Clifford, James 1997 Routes: Travel and Translation in the Late Twentieth Century Harvard University Press, Cambridge.
Strathern, Marilyn 1991 ‘Or, Rather, On Not Collecting Clifford’ Social Analysis 29:88-95.
Mauss, Marcel 1926/2000 The Gift. New York: Norton.
Bataille, Georges 1949/1988 The Accursed Share, Volume 1: Consumption. New York: Zone Books.
Bataille, Georges 1985 Visions of Excess: Selected Writings 1927–1939. Minneapolis: University of Minnesota Press.
Bataille, Georges 1991 The Accursed Share, Volumes 2 and 3: Eroticism and Sovereignty. New York: Zone Books.
Bataille, Georges 1994 The Absence of Myth: Writings on Surrealism. London: Verso.
Bataille, Georges 2001 The Unfinished System of Non-knowledge. Minneapolis: University of Minnesota Press.
Hollier, Denis 1988 The College of Sociology. Minneapolis: University of Minnesota Press.
Hollier, Denis 1989 Against Architecture: The Writings of Georges Bataille. Cambridge, MA: MIT Press.
Production – technology, mechanization, machines, the factory… ‘No admission except on business’.
Marx, Capital Volume 1 Chapters 7, 8 & 9. pp283-339.
Penley 1997 NASA/TREK. Popular Science and Sex in America London: Verso pp11-23
Production –technology and mechanization, machines, production and financialization, NASA/Trek – compelling all to adopt our ways, to accept warp drive and manufacture for the sake of profit. ‘No admission except on business’ – the sphere of production suggests a realm apart from the market, in a way probably unsustainable today, but nonetheless formative. The development of the factory, the struggles against mechanization, the rules and regulation of work – and the ideological effort to get us all to accept the bourgeois mode of production. William Gates says Technology can set us free. The representational politics of the future would claim to be progressive, but the plotting of Star Trek and similar confections does not boldly go so far. The Prime Directive and the Borg. Spock and Kirk’s Relationship. The ‘new’, digital media, broadband, hype and flows. Why must the ‘Californian ideology’ shape technocratic imaginings in Europe, the US and the third world.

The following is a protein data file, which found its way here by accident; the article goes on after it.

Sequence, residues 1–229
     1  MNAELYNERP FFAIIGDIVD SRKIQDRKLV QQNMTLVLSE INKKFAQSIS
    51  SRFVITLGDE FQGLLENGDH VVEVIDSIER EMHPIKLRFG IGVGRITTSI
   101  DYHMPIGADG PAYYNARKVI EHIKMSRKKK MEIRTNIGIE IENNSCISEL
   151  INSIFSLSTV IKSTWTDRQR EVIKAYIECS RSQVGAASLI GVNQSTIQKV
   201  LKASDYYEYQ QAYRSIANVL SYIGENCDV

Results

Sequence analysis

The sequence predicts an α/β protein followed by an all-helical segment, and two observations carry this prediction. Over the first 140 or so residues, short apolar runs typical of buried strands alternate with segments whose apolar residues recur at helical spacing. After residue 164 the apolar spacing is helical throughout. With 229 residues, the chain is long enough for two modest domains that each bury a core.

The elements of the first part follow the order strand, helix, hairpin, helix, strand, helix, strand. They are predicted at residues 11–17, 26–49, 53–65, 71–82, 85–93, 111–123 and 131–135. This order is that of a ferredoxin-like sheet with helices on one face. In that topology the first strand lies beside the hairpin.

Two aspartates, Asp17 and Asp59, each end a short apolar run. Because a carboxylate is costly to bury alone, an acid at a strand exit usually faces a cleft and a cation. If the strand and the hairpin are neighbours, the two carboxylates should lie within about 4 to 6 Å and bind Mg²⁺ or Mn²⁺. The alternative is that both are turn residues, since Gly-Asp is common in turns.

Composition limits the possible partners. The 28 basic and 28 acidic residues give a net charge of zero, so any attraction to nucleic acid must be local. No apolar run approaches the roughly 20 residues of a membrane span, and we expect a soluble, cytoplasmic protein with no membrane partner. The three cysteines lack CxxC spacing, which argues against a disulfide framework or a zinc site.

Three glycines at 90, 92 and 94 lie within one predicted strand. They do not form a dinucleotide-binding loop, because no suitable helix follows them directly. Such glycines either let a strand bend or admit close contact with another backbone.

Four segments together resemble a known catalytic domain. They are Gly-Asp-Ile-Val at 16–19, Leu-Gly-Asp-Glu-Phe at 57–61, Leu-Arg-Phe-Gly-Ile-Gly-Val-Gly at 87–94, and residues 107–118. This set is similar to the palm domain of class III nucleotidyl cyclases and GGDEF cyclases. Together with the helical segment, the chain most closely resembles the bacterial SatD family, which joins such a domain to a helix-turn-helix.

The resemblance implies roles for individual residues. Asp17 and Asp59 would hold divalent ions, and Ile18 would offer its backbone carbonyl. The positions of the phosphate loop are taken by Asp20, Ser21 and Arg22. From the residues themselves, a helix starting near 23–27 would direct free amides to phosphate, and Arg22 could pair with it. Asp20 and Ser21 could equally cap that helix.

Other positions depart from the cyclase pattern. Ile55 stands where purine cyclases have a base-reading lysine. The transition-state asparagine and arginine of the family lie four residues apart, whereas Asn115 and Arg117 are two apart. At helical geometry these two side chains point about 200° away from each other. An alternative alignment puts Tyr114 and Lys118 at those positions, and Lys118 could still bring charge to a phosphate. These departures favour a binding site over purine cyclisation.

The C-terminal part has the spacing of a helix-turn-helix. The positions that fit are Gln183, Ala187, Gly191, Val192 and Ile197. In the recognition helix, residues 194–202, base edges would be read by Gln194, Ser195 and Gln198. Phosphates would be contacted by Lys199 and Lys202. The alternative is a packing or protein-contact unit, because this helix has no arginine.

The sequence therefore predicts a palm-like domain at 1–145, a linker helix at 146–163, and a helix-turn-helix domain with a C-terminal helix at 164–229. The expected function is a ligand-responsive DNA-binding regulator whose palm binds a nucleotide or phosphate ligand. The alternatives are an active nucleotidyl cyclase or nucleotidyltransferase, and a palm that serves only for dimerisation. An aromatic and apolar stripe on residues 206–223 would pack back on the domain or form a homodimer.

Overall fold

Jameson, Fredric 2005 Archaeologies of the Future: the Desire Called Utopia and Other Science Fictions London: Verso
Church Gibson, Pamela 2001 'You've been in my life so long I can't remember anything else', in Keyframes: Popular Cinema and Cultural Studies. M. Tinkcam & A. Villarejo (eds) London: Routledge
McQuire, Scott 2003 ‘From glass Architecture to Big Brother: Scenes from a Cultural History of transparency’ in Cultural Studies Review 9(1):103-123
McQuire, Scott 2005 ‘Urban Space and Electric Light’ in Space and Culture 8(2):126-140.
Castells, Manual & Peter Hall 1994 Technopoles of the World: The Making of 21st Century Industrial Complexes, London: Routledge
Creed, Barbara 1993 The Monstrous-Feminine: Film, Feminism, Psychoanalysis, London: Routledge. Ch 2.
Kuhn, Annette 1990 Alien Zone 1 and 11, London: Verso.
Bogdanov, Alexander1908 Red Star Bloomington: Indiana University Press 1984 [the first Soviet utopia]
Zamyatin, Yvegney 1921 We New York: Harper Collins 1972 [the Russian precursor of many sci fi greats, before Orwell, Burgess, Golding…]
Bulgakov, Michael 1995 The Master and the Margarita New York: Random House [written in 1940, a Russian classic in many genres]
Workers – class composition. Marx spends considerable time in Capital documenting the conditions of the factory. Engels did similar work in Manchester.